LVIV, Ukraine (Reuters) - A day after forcing his way past border guards back into Ukraine, former Georgian President Mikheil Saakashvili said he would unite the opposition against his former ally President Petro Poroshenko and planned to campaign for support.
Saakashvili wants to unseat Poroshenko at the next election, accusing the president of reneging on promises to root out corruption and carry out reforms made during the 2014 Maidan protests, which ousted a pro-Kremlin leader.
At present it seems unlikely that Saakashvili, who studied in Ukraine and speaks fluent Ukrainian, will come to power. His Ukrainian citizenship, bestowed by Poroshenko when he made him governor of Odessa in 2015, has been withdrawn, and polls show little support for his party, the Movement of New Forces.
“I am fighting against rampant corruption, against the fact that oligarchs are in full control of Ukraine again, against the fact that Maidan has been betrayed,” Saakashvili said at a press conference in the city of Lviv.
Saakashvili divides opinion. Supporters see him as a fearless crusader against corruption but critics say there is little substance behind his blustery rhetoric.
Back home in Georgia, his time in office was tarnished by what critics said was his monopolising power and exerting pressure on the judiciary. He was president at the time of a disastrous five-day war with Russia in 2008, a conflict that his critics argued was the result of his own miscalculations.
Saakashvili says he does not covet the presidency himself and wants to promote a new, younger politician to the post. But while perhaps not a threat as a direct rival, Saakashvili could prove to be an effective weapon against Poroshenko for powerful opposition figures like Yulia Tymoshenko, who was with him at the border on Sunday.
Poroshenko trails in the polls behind Tymoshenko, a former prime minister and leader of one of Ukraine’s largest opposition parties.
“This is a marriage of convenience between Tymoshenko and Saakashvili, but the parties have different interests,” said political analyst Volodymyr Fesenko. “She tries to use this situation with the hope that this will provoke a political crisis in Ukraine and lead to early elections.”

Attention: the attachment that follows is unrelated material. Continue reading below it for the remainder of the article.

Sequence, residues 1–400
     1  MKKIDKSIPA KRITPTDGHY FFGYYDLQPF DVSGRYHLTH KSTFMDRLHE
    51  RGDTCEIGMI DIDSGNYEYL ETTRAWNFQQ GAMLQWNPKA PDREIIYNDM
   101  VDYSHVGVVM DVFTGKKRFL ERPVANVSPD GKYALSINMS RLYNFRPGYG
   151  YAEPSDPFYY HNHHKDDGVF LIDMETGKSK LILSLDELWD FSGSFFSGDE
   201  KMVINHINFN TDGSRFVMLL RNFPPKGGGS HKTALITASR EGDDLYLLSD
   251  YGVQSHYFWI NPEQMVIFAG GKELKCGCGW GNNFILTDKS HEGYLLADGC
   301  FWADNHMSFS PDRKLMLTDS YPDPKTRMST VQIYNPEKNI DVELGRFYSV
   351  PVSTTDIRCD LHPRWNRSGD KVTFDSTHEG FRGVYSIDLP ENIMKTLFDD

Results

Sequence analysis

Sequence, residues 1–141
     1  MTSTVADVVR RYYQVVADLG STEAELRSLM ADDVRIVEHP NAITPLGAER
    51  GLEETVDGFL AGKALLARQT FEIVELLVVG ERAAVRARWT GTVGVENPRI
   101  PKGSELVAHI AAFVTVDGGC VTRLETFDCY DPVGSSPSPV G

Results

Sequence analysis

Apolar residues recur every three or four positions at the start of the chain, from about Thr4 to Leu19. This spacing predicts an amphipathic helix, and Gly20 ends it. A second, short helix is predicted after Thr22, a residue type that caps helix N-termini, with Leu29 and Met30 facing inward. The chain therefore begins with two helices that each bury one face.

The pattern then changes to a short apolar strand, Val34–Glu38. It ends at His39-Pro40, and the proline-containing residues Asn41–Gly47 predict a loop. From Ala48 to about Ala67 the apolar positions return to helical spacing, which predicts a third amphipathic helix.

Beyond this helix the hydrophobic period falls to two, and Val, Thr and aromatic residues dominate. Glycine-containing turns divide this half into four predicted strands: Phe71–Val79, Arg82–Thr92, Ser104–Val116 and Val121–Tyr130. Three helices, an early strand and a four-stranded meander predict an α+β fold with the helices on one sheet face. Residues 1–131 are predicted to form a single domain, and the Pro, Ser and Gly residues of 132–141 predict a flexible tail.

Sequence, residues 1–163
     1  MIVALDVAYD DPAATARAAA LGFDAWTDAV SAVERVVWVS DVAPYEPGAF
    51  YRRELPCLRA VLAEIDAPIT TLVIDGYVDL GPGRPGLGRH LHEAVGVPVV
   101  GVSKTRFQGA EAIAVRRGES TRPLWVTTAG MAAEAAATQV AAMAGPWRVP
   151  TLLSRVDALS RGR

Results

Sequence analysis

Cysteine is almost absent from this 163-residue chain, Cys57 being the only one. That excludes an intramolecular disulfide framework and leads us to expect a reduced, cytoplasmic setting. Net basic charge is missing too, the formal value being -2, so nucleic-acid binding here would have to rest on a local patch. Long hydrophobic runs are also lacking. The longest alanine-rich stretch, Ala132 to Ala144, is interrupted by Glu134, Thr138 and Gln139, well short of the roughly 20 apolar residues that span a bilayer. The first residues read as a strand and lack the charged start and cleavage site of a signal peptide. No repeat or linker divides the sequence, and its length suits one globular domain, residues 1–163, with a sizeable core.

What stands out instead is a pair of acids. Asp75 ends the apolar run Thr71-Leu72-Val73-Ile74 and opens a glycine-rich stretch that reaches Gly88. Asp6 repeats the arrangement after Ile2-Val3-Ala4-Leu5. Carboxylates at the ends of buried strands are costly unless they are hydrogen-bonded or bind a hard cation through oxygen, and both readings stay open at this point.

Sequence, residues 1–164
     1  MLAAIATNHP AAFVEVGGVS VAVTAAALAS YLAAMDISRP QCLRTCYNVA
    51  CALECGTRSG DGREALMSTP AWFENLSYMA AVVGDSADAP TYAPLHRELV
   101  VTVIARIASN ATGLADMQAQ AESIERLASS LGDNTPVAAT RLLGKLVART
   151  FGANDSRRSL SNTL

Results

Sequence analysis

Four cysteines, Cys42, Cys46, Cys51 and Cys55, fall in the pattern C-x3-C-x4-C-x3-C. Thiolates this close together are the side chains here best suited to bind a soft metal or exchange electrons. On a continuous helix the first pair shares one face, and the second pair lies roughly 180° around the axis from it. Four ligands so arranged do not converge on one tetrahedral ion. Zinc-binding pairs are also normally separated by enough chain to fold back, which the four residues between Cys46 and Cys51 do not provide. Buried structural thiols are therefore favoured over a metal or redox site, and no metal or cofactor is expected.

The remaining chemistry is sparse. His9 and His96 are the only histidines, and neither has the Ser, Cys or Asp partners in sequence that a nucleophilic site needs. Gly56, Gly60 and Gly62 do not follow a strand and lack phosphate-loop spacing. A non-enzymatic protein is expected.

Saakashvili’s relationship with Poroshenko dates back nearly three decades to when they were students at the same university in Kiev and their shared opposition to the Kremlin later brought them together as politicians.
But a bitter spat erupted in November 2016, a year after Poroshenko invited Saakashvili to be the governor of the region of Odessa to help drive reforms. The latter quit, accusing Poroshenko of abetting corruption and turned into one of his loudest critics.
Meanwhile Poroshenko’s office said Saakashvili had failed to deliver change as governor and said his Ukrainian citizenship was withdrawn because he allegedly put false information on his registration form. Saakashvili says the decision was politically motivated. It left him effectively stateless as Georgia has also withdrawn his citizenship.
On Sunday evening Saakashvili and his supporters forced their way past a cordon of border guards to return to Ukraine from Poland.
“It does not matter who violates the state border - invaders in the East or politicians in the West. There always must be legal responsibility,” Poroshenko said in televised remarks on Monday.
The president said Saakashvili should have used Ukrainian courts to challenge the revocation.
“Now this is a matter of law enforcement agencies and they have begun to act,” Poroshenko said.
Saakashvili said he would travel to all regions of Ukraine to unite “different political forces around a common theme that we must have a democracy and we should not let oligarchs hold sway.”
Ukraine’s record of implementing reforms has been patchy since Poroshenko took office in 2014.
Reformist lawmaker Mustafa Nayyem, one of the faces of the Maidan protests and a member of Poroshenko’s faction in parliament, travelled with Saakashvili on Sunday and accused the Kiev authorities of trying to silence opponents.
“We didn’t want this country when we stayed on Maidan,” he told reporters. “We wanted a country in which opponents, political opponents, have a right to say what they want.”
Saakashvili may yet face arrest. Police have launched a criminal investigation into Sunday’s incident, while General Prosecutor Yuriy Lutsenko said those who crossed the border illegally would be prosecuted.
Kiev could leave Saakashvili alone, arrest him and possibly extradite him to Georgia.
Saakashvili took power in Georgia after a peaceful uprising, known as the Rose Revolution, in 2003. The 49-year-old is now wanted on criminal charges in Georgia, which he says were trumped up for political reasons.
Additional reporting by Pavel Polityuk and Natalia Zinets in Kiev; Writing by Matthias Williams; Editing by Raissa Kasolowsky